BigQuery
  • Updated on 20 Jul 2020
  • 8 minutes to read
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BigQuery

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One of the key elements of any machine learning solution is to figure out how to run it in production. It might be easy to run the initial PoC, but in the operational use there will be new data coming in, and the model needs to take this new training data into account in predictions.

Many customers use Aito for robotic process automation (RPA). In this context every time a bot executes a workflow, there might be a new entry used to improve the predictions.

Using traditional machine learning libraries that produce a static model, the workflow requires engineers to periodically retrain the model, test and deploy it. For a lot of the RPA projects this adds additional pain as the infrastructure and pipelines are often not ready for this. It's just too complex.

Aito works in a different way.

There is a better way

Every time you input a new datapoint into Aito's database, it is automatically used as training data for next predictions. So essentially every time an RPA bot runs and feeds a new datapoint into Aito, it will use the latest training data. Aito's predictions evolve on the fly, without need for constant retraining.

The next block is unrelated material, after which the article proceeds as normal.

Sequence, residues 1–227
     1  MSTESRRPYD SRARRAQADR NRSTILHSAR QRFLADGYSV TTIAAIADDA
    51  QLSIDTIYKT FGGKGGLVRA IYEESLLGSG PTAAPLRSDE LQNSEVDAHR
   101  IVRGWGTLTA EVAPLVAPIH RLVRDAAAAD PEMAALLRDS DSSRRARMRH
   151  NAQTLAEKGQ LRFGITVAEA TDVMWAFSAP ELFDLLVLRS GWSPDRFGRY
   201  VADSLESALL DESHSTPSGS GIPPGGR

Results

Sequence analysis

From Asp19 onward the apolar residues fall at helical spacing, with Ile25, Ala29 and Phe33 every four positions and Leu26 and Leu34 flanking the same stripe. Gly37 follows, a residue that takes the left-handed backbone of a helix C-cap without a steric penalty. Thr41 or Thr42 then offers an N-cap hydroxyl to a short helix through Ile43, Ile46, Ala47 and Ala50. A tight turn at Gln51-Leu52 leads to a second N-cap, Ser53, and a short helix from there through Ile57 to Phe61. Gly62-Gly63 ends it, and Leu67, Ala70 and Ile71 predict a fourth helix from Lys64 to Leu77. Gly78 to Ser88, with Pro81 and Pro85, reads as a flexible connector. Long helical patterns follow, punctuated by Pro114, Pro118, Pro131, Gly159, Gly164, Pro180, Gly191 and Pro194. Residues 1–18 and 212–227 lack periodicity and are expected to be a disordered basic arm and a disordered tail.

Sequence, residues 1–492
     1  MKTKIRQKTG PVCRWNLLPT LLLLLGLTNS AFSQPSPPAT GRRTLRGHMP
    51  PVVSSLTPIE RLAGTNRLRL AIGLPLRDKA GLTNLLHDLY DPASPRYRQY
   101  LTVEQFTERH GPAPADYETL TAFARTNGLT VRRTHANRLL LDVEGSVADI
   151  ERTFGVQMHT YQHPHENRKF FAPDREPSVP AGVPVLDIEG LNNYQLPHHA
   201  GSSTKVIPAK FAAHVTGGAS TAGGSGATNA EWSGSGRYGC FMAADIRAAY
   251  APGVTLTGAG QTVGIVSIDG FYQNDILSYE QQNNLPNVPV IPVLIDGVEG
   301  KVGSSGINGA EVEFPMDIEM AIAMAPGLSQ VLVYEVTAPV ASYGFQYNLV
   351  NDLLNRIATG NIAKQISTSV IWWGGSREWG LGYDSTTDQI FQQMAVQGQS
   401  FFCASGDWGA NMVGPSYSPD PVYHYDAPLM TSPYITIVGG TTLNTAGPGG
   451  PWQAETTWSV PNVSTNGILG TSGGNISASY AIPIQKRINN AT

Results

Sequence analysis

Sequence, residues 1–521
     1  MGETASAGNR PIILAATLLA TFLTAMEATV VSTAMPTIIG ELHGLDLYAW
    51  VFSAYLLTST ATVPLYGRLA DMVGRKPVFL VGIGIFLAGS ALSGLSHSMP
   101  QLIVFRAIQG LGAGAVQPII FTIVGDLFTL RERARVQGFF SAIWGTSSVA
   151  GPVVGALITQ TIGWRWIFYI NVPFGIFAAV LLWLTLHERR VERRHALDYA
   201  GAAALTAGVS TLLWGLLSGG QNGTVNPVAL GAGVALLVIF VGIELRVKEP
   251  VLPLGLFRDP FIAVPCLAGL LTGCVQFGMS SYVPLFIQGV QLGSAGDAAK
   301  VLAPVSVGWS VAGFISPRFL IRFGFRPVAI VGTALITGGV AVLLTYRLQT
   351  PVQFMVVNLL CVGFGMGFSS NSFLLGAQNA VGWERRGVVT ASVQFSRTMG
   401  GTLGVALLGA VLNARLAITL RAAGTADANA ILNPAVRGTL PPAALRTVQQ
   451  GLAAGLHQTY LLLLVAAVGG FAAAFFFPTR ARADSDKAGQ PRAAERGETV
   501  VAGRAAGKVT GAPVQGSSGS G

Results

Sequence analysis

Segment.com and BigQuery

While there are tons of ways to input data into Aito, I wanted to provide an example of how to do that with Python. This tutorial focuses on how to input data from BigQuery in to Aito using Python SDK. Same works with any database with Python client.

Example dataset here is Aito's web analytics data that we orchestrate through Segment.com, and all ends up in BigQuery data warehouse. We use this data to, for example, understand what type of website actions correlate most with actions like signup, or becoming an active user.

Again, the contents of the data is not relevant to this example. This tutorial will not focus on the predictions, but on the data wrangling only.

Before you begin

Getting an Aito instance

If you want to follow along with this tutorial, you'll have to go and get your own Aito instance from the Aito Console.

  1. Sign in or create an account, if you haven't got one already.
  2. In the Aito Console go to the instances page and click the "Create an instance" button.
  3. Select the instance type you want to create and fill in needed fields, Sandbox is the free instance for testing and small projects. Visit our pricing page, to learn more about the Aito instance types.
  4. Click "Create instance" and wait for a moment while your instance is created, you will receive an email once your instance is ready.

If you're totally new to Aito the get started guides might be useful before reading this tutorial.

Accessing instance details